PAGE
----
Oysters are usually associated with Galway or Carlingford, but I came across Harty Oysters in Waterford recently. We served them at our oyster festival, opening nearly 6,000 during the week. I would recommend them to anyone having an oyster for the first time. They’re light and delicate, and not too salty because they haven’t got that experience of the sea. They’re very expensive but worth it.

Garry hughes

Once you leave the hotel for the day, how do you like to fill your time?

I do a lot of exercise, a lot of running in the morning. When I go home I try to switch off and just spend time with my wife and girls. They don’t care what Daddy does for a living, they just want me to be there. They’re real daddy’s girls. I’ve four kids, so my wife’s job is much harder than mine! I’m very family orientated. Twelve years ago, I realised how important it is to strike a balance between home and work life. I came home one night after a 20-hour shift, to find that I had missed my daughter’s first steps. I decided then that I wasn’t going to miss out on her growing up. So I made a conscious decision to be in work when I need to be, but when I don’t need to be there, I spend that time with them. What makes it possible is having a fantastic team working alongside me. After eight years, 90% of my team are still with me, which is unheard of. I’ve such a low turnover of staff because I look after my guys and when I’m not here, I know the place is in safe hands. So when I walk out the door, I actually do switch off until the next day when I’m coming in again.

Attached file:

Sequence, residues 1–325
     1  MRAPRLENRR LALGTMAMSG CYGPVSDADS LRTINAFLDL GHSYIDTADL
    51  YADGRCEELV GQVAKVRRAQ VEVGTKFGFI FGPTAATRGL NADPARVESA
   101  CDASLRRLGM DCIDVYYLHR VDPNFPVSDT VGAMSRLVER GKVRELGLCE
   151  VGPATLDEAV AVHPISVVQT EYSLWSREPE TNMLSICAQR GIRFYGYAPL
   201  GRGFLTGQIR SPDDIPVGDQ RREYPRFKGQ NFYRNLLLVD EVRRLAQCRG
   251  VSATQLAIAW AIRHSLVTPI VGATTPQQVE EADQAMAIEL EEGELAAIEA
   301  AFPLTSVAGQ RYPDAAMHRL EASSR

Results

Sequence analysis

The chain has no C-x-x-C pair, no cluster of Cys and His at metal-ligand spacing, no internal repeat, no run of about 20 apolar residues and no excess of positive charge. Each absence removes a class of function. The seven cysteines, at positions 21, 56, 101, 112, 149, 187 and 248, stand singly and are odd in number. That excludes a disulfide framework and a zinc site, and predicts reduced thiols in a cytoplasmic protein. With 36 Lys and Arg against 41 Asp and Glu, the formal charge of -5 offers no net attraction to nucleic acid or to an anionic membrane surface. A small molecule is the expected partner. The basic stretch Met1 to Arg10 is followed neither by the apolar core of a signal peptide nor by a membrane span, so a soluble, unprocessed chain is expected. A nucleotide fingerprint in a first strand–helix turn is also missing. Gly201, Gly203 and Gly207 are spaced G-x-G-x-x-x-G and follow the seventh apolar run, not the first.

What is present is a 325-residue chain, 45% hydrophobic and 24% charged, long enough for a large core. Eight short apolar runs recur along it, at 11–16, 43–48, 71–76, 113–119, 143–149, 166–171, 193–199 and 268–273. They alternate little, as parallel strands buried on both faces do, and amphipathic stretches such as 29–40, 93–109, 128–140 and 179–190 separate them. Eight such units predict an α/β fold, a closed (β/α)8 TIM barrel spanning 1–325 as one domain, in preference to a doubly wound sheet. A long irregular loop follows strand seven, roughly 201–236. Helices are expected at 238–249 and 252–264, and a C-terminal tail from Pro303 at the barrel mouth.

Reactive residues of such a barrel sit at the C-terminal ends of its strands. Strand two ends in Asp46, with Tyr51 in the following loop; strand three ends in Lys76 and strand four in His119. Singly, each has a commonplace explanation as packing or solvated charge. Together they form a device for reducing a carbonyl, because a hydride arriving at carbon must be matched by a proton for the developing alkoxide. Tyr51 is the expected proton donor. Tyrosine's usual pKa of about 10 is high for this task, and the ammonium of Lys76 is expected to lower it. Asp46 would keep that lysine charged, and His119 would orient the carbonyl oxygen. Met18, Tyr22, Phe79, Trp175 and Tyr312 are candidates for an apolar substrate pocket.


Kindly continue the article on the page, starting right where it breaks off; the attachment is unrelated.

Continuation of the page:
“My kids think the Chef life is glamorous, but it’s not, its hard work! “

 

On your nights off, where do you like to eat in Dublin?

Definitely 777, as I love Mexican food. There’s a restaurant in Naas that I go to quite often, Bouchon. It was set up by a good friend of mine a few years ago and it’s kind of old style, rustic cooking. At 777 I go for the tasting menu, and at Bouchon, something slow braised and seasonal. Then, of course, you have to end it off with chocolate. Everyone who knows me knows I have a very bad sweet tooth, hence all the exercise!

 

The Shelbourne Hotel regularly welcomes high profile guests. Has there ever been an occasion when a request was too outlandish to be catered too?